How she raised $2 million to help young people fight climate change

In the fourth episode of Changemakers we meet Kat Cadungog, who proves that enabling youth-led climate action is less about handouts and more about helping young people scale and amplify their work to succeed in the big leagues.

Youth have often been at the forefront of changing the social climate but receiving legitimacy and, more importantly, funding for their grassroots action is not often the case.

Kat Cadungog is trying to change that. The 27-year-old woman from Calgary, Alta., is the executive director at the Foundation for Environmental Stewardship and The Youth Harbour.

Both projects raise funds for youth-led climate movements. Cadungog is on a mission to help youth meaningfully make their big ideas into reality and has single handedly raised nearly $2 million to help support youth climate organizations.

“Youth are often at the forefront of changing minds, changing the political will and societal attitudes that we need to actually implement and deploy climate solutions," Cadungog said in an interview with The Weather Network. "So there's this mismatch between what we need in society, how it's being funded, and who they're funding in the pursuit of a climate resilient future.”

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Kat Cadungog giving a presentation at at Colorado Academy in Denver. (Submitted)

It all started with a Happy Meal

The Cadungog family came to Canada from the Philippines in 1995 with next to no money, hoping for a better life. Making their home in Calgary, Cadungog’s parents worked multiple jobs and often couldn’t even scrape together enough extra income to eat where her dad worked one of his first jobs: McDonald’s.

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“I can't imagine what a breaking point it was for my mother to say, ‘We don't even know if we can afford a Happy Meal. At this point, we don't even know where we're going to find the money to pay next month's rent," Cadungog said. “And, just that disparity between, the life that they lived before to what they were hoping … for children not being met right away.”

Eventually, her engineer father landed the job he had hoped for at an oilsands refinery. Bills were being paid; however, Cadungog developed a feeling that her family was now surviving by supporting an industry that was destroying the environment for future generations. Growing up seeing how tough it was for newcomers to have climate-conscious careers created Cudungog’s passion to help others

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Cadungog hiking in Moalboal in the Philippines. (Submitted)

An uphill battle

After university, Cadungog took on jobs working in social advocacy and was paired with climate-conscious youth trying to make a difference. But she saw that most big companies would not back their initiatives. The majority of youth had no say in the ecological policies being put into place, and that disconnect was even wider for youth in rural and Indigenous communities.

Cadungog said, “I was incredibly, incredibly frustrated because I just see this power among young people, this motivation, and just honestly competency. [Youth] are incredible at good governance and yet we choose not to fund this type of work. It seems like a mismatch. Everyone talks about protecting future generations, even protecting the future economy, we want to do this through young people. So we should empower them and get them engaged really early on.”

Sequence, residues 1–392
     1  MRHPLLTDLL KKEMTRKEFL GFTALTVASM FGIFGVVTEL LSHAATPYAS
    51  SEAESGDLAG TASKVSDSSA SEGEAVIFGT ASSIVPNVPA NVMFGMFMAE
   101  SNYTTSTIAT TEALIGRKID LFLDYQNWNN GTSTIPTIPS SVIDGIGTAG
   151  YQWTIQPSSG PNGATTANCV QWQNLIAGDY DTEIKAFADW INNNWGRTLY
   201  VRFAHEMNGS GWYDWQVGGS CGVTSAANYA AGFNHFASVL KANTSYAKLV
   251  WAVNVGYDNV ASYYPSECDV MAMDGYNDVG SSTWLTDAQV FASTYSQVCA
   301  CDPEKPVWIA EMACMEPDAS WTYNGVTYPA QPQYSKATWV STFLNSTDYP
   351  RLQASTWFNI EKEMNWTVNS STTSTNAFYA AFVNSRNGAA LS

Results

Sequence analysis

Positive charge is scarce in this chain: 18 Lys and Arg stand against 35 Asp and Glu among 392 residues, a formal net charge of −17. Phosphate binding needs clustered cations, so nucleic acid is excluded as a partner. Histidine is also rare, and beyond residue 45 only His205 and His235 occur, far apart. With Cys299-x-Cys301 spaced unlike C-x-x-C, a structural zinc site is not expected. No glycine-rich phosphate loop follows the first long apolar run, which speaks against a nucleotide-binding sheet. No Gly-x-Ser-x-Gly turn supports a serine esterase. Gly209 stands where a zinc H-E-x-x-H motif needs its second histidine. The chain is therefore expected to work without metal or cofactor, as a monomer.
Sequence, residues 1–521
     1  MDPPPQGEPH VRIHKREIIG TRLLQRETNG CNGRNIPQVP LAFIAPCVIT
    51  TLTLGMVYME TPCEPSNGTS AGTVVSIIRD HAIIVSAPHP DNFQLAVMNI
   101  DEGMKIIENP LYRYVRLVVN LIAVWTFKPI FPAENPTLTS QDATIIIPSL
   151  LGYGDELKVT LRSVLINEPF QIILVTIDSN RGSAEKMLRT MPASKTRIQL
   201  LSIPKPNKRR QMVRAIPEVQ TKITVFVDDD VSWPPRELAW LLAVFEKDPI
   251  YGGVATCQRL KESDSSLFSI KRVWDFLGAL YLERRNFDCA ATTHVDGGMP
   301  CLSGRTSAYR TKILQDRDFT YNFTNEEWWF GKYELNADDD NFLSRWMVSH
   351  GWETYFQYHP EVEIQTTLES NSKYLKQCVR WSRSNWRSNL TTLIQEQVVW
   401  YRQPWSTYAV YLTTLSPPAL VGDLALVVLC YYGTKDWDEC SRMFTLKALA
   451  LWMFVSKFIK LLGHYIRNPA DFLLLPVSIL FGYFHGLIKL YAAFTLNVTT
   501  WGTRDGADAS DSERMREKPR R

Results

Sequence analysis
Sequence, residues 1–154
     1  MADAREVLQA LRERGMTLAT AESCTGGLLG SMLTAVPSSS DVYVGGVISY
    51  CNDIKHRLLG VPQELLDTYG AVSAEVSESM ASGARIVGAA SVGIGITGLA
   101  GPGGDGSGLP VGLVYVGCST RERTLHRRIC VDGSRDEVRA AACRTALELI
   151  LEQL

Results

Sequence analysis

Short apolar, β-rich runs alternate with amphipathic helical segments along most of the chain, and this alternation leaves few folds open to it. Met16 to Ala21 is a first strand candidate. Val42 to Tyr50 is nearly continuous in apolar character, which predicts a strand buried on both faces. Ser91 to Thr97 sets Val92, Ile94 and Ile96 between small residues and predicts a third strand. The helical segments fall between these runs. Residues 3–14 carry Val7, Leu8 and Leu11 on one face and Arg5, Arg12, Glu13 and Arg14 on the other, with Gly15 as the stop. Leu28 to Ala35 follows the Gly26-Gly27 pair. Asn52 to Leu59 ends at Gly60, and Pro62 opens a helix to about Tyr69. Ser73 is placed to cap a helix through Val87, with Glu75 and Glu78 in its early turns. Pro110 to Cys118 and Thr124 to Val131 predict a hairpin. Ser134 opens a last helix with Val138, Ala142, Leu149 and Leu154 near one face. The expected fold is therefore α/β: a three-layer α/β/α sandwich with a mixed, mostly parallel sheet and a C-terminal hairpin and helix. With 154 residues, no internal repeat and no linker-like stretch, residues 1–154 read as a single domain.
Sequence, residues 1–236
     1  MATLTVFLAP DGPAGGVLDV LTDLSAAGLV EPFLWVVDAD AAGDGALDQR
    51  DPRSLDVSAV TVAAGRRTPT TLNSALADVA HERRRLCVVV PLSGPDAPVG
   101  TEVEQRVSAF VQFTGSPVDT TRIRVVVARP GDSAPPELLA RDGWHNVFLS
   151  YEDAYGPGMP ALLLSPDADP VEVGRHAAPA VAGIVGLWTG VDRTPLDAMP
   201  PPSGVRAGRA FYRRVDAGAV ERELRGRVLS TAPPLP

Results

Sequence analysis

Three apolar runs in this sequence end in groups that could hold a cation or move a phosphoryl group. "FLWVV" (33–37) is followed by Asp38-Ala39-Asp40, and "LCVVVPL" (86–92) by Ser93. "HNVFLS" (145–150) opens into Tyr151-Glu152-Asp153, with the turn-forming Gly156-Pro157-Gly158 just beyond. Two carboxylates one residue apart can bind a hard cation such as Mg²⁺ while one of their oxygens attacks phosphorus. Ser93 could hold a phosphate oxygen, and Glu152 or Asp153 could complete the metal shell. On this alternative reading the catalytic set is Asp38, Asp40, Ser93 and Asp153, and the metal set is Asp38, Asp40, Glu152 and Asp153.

She dreamed of building a type of safety net offering funding and back-end support to get youth climate goals off the ground. However, it was an uphill battle getting big businesses and the world of governance on her side.

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Kat Cadungog hails from Calgary, Alta. (Submitted)

The Youth Harbour

After many failed attempts, Cadungog was able to line up a handful of funding backers and finally collect enough capital to make her dream project a reality and The Youth Harbour was born. It's a youth-for-youth climate support system providing grants and organizational help to young people across the country.

To date, Cadungog has fundraised nearly $2 million, helped approximately 50 youth-led climate organizations all across Canada and opened up shared workspaces in both Toronto and Vancouver. Her youth groups have created educational programs, helped drive sustainable clothing, and farming initiatives. She’s helped send Indigenous youth to international climate change conferences and has seen amazing ripple effects to prove the validity of her work.

The need to support youth climate action is greater than ever, according to Cadungog, and more groups are coming to her to access her support with a greater need for funding.

“2030 is coming up. We have to limit our warming to 1.5 C,” she explained about the goal behind the Paris Agreement to keep our world livable. “We need amazing radical action that young people are leading, we need the political will that young people are so great at cultivating, we need communities built on equity and trust and relationship building. If not now, when?”

Editor's note: An earlier version of this story misspelled Kat Cadungog's surname.

Thumbnail image: Kat Cadungog has successfully started an organization that provdes funding for youth-led climate initiatives. (Submitted)